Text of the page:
Spring 2002 Newsletter
Department of Religion, UGA



Professor Theodore J. Lewis accepted the Blum-Iwry Professorship in Near Eastern Studies at Johns Hopkins University in Baltimore, MD, effective July 1, 2002. He is teaching Hebrew Bible and Northwest Semitic philology and religion in the Krieger School of Arts & Sciences. Dr. Lewis joined the UGA religion department in 1987. He also served on the Graduate, Honors, and Linguistics faculties and as a member of the Arts & Sciences Promotion and Tenure Committee.

The Abbot of Holy Spirit Abbey in Conyers, GA spoke April 2, 2002 at the department’s annual lecture in religious studies.
Right Reverend Abbot Dom M. Basil Pennington, OCSO met with graduate students and faculty and then presented a public evening lecture on "Contemplative Prayer."
Father Basil joined the Order of Cistercians of the Strict Observance in 1951 and was consecrated a monk in 1956. He is widely recognized for his spiritual writings and pioneering work in the Cistercian community. Some of his recent works include Lectio Divina: Renewing the Ancient Practice of Praying the Scriptures (Crossroad) and Living in the Question (Continuum). Father Basil was elected abbot of Our Lady of Holy Spirit Abbey in August 2000.

Maintaining distance of church and state has often meant the exclusion of the Bible from public schools. Now an innovative approach by Matthew Hicks respects the constitutional separation while providing age-appropriate instruction about the Bible.

Hicks received his Masters in Religious Studies from UGA in 2001. His thesis, How to Teach About the Bible in Public Schools, was completed under direction of Dr. Theodore J. Lewis. In his thesis Hicks provided sample lessons plans for presenting the Old Testament/Hebrew Bible to students in a scholarly manner. The lessons integrate the humanities, drawing upon history, art, geography, and other areas. The overall tone of the material is neutral and without presumption as to a student’s religious beliefs.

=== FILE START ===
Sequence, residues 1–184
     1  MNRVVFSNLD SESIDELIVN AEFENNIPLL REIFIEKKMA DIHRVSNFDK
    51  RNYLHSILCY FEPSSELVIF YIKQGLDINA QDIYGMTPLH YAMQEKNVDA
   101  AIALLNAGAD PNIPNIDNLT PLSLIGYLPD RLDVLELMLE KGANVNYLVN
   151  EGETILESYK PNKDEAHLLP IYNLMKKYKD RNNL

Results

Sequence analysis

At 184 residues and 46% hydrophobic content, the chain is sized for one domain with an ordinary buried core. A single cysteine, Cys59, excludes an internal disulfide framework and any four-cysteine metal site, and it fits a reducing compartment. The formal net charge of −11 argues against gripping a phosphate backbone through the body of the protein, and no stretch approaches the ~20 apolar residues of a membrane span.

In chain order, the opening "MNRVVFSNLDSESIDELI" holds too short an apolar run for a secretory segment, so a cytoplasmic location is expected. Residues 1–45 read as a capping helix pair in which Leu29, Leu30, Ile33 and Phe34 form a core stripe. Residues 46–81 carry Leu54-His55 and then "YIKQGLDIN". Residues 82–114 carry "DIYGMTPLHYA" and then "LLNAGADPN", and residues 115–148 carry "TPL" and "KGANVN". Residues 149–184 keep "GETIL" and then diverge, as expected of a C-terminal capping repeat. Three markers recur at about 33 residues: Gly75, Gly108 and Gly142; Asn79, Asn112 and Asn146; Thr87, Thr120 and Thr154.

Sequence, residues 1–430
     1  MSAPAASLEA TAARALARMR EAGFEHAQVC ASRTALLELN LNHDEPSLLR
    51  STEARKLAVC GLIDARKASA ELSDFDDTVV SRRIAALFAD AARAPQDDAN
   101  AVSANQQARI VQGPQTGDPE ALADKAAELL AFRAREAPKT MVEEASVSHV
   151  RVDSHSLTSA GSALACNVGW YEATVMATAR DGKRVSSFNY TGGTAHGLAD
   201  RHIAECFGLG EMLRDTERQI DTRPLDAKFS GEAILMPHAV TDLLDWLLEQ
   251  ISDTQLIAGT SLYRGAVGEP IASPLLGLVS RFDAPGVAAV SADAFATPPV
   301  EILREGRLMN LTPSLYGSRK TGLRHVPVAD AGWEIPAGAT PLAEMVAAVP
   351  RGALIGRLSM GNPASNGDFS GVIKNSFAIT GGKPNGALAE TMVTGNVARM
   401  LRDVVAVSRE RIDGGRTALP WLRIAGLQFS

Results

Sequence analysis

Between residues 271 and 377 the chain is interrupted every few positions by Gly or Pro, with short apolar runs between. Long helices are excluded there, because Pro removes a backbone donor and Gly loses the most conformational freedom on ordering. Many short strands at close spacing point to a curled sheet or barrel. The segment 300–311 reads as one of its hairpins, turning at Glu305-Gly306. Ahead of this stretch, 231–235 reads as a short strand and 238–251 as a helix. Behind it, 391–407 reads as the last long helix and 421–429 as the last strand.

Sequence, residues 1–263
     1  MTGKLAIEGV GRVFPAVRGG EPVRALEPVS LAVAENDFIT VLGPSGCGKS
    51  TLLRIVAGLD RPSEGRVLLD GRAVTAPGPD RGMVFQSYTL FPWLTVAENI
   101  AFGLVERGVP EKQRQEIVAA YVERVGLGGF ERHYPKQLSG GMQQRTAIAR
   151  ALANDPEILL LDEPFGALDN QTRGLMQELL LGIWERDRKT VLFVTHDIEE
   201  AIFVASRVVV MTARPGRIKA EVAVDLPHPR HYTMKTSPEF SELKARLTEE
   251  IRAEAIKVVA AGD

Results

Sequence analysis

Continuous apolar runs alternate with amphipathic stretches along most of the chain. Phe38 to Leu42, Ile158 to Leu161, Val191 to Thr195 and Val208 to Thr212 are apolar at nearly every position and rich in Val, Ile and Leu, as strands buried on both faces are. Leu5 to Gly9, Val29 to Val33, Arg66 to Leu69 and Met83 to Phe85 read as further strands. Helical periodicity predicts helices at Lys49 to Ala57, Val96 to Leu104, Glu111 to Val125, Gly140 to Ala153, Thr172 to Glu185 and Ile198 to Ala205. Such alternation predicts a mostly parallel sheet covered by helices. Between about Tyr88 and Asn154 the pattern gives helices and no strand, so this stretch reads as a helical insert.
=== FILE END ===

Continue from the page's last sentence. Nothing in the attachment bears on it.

Hicks developed 35 lesson plans on the Hebrew Scriptures for use in public secondary schools, which the National Bible Foundation plans to publish. In February 2002 the curriculum, entitled "Introduction to the Hebrew Scriptures," was approved by the Tennessee State Department of Education and was subsequently adopted by the Shelby County School Board in Memphis.

Dr. Jace Weaver joins the religion department faculty August 2002. He's coming from Yale University, where he taught in the American Studies Program, Religious Studies Department, and the Law School. Dr. Weaver is a graduate of Union Theological Seminary and Columbia Law School. At UGA, he is scheduled to teach Introduction to Religion in Native American Cultures (RELI 2004) in fall 2002 and in spring 2003 as an honors course (RELI 2004H).

MA student Kime Lawson received an Outstanding Teaching Assistant Award at 2002 Honors Day ceremonies. Lawson taught Introduction to Judaism, Christianity, and Islam (RELI 1001) fall and spring semesters. His graduate studies are in Theology with Dr. Will Power. The award recognizes outstanding efforts in instruction as the recipient’s teaching performance ranks in the top ten percent of all TAs serving the University.

Associate Professor T. B. Slater was re-elected to the steering committee of the African American Biblical Hermeneutics Section of the Society of Biblical Literature, the largest learned society for biblical studies in the world.